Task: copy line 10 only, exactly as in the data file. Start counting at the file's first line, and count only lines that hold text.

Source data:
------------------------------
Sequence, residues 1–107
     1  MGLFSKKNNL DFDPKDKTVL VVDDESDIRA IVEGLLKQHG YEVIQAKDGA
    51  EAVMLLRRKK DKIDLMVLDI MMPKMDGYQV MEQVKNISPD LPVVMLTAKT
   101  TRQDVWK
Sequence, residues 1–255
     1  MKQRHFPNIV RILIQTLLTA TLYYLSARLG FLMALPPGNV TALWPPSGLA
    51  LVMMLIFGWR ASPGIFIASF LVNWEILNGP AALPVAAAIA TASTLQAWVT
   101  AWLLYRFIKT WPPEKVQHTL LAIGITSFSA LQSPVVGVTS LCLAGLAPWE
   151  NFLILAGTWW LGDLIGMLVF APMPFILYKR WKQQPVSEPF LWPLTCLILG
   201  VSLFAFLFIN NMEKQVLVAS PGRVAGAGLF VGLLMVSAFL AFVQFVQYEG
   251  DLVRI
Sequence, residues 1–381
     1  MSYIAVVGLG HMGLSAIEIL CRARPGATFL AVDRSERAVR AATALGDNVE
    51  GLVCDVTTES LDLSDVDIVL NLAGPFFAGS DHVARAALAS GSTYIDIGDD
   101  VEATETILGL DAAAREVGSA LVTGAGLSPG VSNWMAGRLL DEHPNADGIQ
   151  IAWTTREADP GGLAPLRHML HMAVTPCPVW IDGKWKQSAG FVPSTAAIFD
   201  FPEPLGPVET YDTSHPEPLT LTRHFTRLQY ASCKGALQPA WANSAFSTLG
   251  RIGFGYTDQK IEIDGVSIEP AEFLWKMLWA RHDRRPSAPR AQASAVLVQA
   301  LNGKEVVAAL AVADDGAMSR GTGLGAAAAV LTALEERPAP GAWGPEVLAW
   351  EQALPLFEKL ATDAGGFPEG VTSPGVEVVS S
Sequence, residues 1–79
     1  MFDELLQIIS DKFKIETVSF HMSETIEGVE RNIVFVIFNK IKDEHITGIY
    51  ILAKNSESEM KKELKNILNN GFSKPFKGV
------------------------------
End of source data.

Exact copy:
   201  VSLFAFLFIN NMEKQVLVAS PGRVAGAGLF VGLLMVSAFL AFVQFVQYEG